I went Minnehaha Regional Park last weekend right after that snow arrived and saw miniature snowmen and snow-plastered trees. But the creek itself was almost completely clear of ice.

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_MG_0348.JPGSo I went back today to see what the cold had sculpted since then. Minnehaha Creek has frozen itself into narrow channels and ice tunnels. The ice’s surface often looks topographical, forming stair-step terraces, sometimes a few feet tall, that remind me of terraced rice fields or canyon walls. Instead of wearing away at these canyons, the water has built them.

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_MG_0395.JPGThose white blobs are bubbles that continuously flowed through what looked like a 4-foot-long, crystal-clear ice straw.

_MG_0425.JPGIt can be hard to see with transparent ice, but the shot above shows a good example of the terrace sets I saw: maybe 3 feet tall and stepping down from the upper left to lower right, with water gushing on the left side.

This last shot is what looked to be another set of terraces somehow under the water, giving them a distorted and unreal appearance.

_MG_0419.JPGThanks for looking!
Dan

Minnesota Valley

_MG_0006.JPGThe Minnesota Valley National Wildlife Refuge has already established itself as my new Ozark National Forest: nearby, beautiful and endlessly teaching and surprising me.

The refuge follows several miles of the Minnesota River, which is much like the larger Mississippi was before we engineered and tried to corral it. The Minnesota overflows often, leaving a chain of lakes and wetlands that are essential for all sorts of birds, mammals, amphibians — literally, take your pick of wildlife. I learned a lot about the place from a park ranger named Joel Vos, who talked with me for an article at work. But I was set on seeing it on my own time, too.

Ryan and I last weekend went out to the refuge’s Louisville Swamp Unit, a section about 25 miles from Minneapolis’ core — far enough for quiet and stillness. After the first 10 or 15 minutes of walking, we didn’t see anyone else. The loudest sound came from occasional groups of what I think were snow geese, whose call is less of a Canada goose’s honk than an excited chatter.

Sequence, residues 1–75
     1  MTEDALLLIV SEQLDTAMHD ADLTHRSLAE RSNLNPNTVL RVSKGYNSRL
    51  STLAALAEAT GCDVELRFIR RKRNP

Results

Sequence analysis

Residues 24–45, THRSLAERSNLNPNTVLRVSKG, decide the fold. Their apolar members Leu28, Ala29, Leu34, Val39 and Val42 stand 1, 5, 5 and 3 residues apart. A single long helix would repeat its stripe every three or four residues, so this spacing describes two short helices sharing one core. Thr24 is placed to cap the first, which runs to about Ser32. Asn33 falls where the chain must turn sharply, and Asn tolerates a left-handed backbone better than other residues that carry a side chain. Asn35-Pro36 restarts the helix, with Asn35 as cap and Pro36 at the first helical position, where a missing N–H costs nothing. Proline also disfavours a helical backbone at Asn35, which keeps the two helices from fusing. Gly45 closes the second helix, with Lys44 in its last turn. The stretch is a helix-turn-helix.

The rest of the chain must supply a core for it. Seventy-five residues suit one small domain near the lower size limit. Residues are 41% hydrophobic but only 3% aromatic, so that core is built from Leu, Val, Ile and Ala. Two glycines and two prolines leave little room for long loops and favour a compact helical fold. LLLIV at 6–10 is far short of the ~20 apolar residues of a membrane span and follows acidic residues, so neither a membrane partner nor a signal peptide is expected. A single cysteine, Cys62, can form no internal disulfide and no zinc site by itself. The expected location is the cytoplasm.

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_MG_0038.JPGA few stone ruins like this one mark where a family or two set up more than a century ago, small pieces of a terrible local history. In the early 1860s, some bands of the Dakota tribe, hungry and repeatedly betrayed by the United States, killed hundreds of U.S. civilians and soldiers and lost many of their own. It all ended with many of the Dakota’s exile to reservations outside of the state.

Some of the Dakota have returned since then, and the refuge today is managed by the U.S. Fish & Wildlife Service and the state Department of Natural Resources. The trail we hiked is named Mazomani after a Dakota leader who tried to make piece in the conflict and was killed by the U.S. for his trouble.

Humans aren’t the only ones with stories here.

Life in many forms sticks around here during the cold months. In fact, the weather can make life easier to see. The snow was a canvas for three-clawed turkey and five-toed raccoon tracks, for instance. The frozen ground also helped us reach places that might be impassably soggy, if not flooded completely, in warmer months.

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_MG_0098.JPGSee the rabbit tracks there?

Throughout the second half of the hike was something I’d never seen outside of a zoo: beaver habitat. The gnawed, fallen trees were the first sign. Then there were the pond-side mounds of sticks, likely beaver homes. Next I saw twigs strewn around with their bark etched away by teeth. And finally came what I’m pretty sure were a pair of beaver dams near a particularly pretty stretch of trail. It seemed like every piece of the nocturnal critters’ lives but themselves was on display. I couldn’t believe the trail got so close to them.

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_MG_0143.JPGWe turned around at the glacial boulder, an elephant-sized hunk of rock dropped by retreating glaciers thousands of years ago and a cracking monument to this place’s history, human and otherwise. _MG_0135.JPG

_MG_0144.JPGThanks for looking.
Dan